Everybody is somebody for nobody is a nobody. Every human has a useful reason for being here. Why look down on yaya just because she did not come riding in a luxurious car, has no bank account, nor house. Her palms are coarse, so rough from tilling the soil. She works from dawn to dusk just to ensure theres food for all.Yaya is soaked by rain and dried by sunlight everyday in the fields, with a baby on her back.Yaya,once full of splendor is now a shadow of youthful self. At dusk, she makes her way back home descending numerous slopes, crossing many rivers, sometimes dangerous hanging bridges, bringing with her vegetables,fruits,cocoyams,cassava etc.The bag of food might be too heavy but there must be space for firewood to cook the evening meal and some more strength and space on her back to carry the baby. Back home she must prepare the evening meal and keep the house and children clean. At 5am, she is up to prepare breakfast and fetch water for all to clean up. At 6 30am, she begins her long walk to the field. Her labor is most intense yet her reward is least.Yaya is the most affected when anyone at home is sick, as she is the principal care taker, searching for herbs and administering them, keeping sleepless nights to take care, trekking long distances to access hospitals etc.Yaya does all her husband deems necessary to maintain the marriage, including bearing children at the risk of their life. At thirty Yaya is mother of eight, soon to be a grandmother, carrying a one year old baby in her hands and a two months old unborn baby in her tummy.Yaya, some call her rural woman, others describe her as a ‘’beast of burdens’’, I call her the Worlds Sustainer. Our heart beats are sustained by her activities, without the food she produces we would not be alive.Yaya,so useful yet so minimized and neglected. We all depend on her labor to survive, yet no one talks about her .Yaya produces 70% of the food we all consume.World Pulse is here to tell her story forYaya is somebody though treated as a nobody.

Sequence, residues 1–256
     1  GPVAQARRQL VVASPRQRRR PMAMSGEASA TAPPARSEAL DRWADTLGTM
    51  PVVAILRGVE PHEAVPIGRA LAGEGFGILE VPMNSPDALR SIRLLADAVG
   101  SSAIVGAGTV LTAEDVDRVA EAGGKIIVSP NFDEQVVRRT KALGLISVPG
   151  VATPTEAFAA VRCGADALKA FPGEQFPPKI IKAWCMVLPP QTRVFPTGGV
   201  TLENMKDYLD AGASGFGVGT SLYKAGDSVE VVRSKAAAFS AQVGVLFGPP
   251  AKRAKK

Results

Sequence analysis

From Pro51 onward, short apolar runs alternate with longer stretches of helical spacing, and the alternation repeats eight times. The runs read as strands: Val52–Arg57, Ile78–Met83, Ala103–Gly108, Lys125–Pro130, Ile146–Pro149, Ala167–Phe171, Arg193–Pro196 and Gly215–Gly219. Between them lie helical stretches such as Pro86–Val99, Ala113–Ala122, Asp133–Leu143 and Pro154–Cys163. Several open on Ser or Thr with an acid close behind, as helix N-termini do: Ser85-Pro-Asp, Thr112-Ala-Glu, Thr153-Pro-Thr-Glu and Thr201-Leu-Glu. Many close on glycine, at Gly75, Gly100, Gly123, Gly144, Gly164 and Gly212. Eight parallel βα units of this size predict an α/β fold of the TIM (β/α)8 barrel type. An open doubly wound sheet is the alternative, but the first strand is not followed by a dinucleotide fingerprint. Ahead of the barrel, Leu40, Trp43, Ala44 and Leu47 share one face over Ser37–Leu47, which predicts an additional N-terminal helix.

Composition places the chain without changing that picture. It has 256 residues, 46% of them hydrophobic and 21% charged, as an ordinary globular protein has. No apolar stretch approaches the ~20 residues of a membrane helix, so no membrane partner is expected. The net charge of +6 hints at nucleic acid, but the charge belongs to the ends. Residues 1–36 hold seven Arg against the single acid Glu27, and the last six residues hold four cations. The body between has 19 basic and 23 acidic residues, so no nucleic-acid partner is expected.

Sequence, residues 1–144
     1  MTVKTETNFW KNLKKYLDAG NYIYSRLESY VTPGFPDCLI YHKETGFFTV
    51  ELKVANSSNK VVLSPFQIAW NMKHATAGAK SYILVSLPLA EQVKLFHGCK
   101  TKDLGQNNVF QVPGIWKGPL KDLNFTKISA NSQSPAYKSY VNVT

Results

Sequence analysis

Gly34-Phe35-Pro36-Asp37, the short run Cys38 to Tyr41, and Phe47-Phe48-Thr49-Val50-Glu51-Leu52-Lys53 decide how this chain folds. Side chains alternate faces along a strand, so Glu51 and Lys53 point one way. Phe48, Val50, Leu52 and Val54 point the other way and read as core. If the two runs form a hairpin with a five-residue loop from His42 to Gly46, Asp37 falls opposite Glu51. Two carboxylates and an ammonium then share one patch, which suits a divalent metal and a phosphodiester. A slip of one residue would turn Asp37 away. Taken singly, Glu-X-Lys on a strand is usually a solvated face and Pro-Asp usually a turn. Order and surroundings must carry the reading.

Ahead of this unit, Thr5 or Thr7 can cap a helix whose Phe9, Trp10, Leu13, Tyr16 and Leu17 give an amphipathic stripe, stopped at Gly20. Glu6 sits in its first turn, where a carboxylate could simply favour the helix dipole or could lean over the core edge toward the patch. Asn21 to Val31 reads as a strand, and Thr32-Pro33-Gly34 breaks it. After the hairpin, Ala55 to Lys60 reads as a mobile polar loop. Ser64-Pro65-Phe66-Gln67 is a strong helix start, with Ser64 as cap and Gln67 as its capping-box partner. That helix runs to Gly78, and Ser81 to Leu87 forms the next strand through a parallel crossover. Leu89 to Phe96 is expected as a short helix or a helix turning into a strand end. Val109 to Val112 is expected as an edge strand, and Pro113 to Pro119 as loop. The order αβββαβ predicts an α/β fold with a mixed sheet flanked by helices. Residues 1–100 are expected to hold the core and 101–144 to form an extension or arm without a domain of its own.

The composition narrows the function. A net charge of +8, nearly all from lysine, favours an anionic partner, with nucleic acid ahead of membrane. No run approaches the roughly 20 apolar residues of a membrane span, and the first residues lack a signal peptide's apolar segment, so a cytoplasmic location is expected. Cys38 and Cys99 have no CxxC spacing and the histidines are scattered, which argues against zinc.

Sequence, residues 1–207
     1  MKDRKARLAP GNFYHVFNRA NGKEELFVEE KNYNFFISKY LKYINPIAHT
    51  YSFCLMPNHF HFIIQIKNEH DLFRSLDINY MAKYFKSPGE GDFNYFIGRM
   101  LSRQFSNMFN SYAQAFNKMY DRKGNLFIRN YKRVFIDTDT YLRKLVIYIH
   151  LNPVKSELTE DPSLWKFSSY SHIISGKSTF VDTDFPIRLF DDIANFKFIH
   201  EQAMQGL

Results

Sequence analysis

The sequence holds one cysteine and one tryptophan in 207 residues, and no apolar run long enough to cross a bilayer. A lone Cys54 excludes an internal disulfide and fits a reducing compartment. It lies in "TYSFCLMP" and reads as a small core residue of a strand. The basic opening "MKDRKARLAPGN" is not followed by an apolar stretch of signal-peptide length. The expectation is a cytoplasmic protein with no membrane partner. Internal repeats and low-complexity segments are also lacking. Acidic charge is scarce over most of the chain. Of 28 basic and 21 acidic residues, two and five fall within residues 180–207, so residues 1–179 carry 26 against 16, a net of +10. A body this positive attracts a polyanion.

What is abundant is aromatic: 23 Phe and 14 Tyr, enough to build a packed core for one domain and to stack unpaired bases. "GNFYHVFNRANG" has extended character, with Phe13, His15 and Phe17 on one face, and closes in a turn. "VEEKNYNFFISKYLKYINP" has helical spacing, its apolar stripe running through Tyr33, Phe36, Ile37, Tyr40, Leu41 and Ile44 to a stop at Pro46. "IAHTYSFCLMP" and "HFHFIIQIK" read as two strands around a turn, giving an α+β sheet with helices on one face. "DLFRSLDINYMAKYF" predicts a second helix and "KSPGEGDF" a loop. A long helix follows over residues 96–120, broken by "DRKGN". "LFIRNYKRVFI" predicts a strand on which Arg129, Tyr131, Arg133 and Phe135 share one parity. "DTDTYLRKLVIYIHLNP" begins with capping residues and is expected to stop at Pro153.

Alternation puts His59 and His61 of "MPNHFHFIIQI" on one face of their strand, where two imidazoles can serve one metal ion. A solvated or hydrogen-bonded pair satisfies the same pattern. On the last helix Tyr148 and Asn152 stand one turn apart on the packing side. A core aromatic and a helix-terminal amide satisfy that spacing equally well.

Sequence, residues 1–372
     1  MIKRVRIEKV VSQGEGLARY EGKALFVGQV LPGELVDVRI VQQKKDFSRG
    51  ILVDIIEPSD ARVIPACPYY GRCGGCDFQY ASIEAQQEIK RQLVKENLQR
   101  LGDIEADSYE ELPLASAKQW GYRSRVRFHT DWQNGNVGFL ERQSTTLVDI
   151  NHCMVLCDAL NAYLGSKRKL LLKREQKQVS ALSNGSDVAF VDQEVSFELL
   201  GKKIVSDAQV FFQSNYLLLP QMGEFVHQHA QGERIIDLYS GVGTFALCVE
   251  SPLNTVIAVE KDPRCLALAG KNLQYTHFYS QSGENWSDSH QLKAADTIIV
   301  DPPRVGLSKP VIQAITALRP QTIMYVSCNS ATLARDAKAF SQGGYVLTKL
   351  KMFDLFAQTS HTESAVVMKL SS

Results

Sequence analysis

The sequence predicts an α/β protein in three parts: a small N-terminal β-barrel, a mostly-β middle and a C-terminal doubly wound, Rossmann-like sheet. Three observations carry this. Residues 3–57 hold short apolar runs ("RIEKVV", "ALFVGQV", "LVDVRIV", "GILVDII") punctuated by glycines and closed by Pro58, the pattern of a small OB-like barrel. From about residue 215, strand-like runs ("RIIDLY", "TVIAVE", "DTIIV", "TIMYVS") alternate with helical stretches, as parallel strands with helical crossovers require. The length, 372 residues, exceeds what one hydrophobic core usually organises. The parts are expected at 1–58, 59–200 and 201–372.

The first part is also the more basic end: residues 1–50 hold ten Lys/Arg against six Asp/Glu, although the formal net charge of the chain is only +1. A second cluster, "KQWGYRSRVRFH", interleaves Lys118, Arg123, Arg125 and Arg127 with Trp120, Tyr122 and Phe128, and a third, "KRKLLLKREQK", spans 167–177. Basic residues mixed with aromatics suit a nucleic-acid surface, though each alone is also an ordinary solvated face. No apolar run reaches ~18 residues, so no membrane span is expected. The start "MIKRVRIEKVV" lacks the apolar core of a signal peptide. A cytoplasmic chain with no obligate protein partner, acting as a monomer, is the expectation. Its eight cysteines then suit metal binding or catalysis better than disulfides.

Beasts of burdens, many and for long periods in the past. But this is changing. Can you feel it? Even your voice speaking for her is bringing light to her injustice. Shedding hope and possibility where before there was sweet ignorance. No need to deny when we gleefully ignore and create other distractions to hide our hearts from Yaya's suffering. We shall now know what is Yaya's quest for familial love and honor the life energy she invests daily in sustaining her offspring. Yaya here in America has a ring of fun, old female friends from a popular story. I now have a multidimensional appreciation for that name. Is it yours?


Kat Haber

Founder: TEDxVail & WE Rotary

Board Director WILD Foundation

Affinity Rep: HaberVision.com

"Know thyself." ~ Plato

Thank you for shining a light on Yaya's plight. Your description of her is vivid and brings her to life. I see how hard she works - and I wonder about the daughters she is raising. Will they be educated or will this way of life continue for another generation? I like how you treat her with so much respect and gratitude for her labors.

Let your light shine!

is actually my Nana...My grandmother's and great grandmother's stories are embedded in this story. It brought back pictures from when I was a little girl, hearing stories and seeing the farms, worked not by well greased machines, but actual hands...daily... Thanks my sister for this piece, a reminder that we are responsible for every Yaya's wellbeing. Yes we present the story and raise awareness, but we also change how the story ends for each one.


Blog: Threads of Our Fabric Project

Dear sis, I am happy to know Yaya`s story reminds you of your grandma.Yaya is for all the rural women in Cameroon whose stories we have to tell. Hugs Leina

"I don`t just want to tell stories,I want to change stories"

Chi Yvonne Leina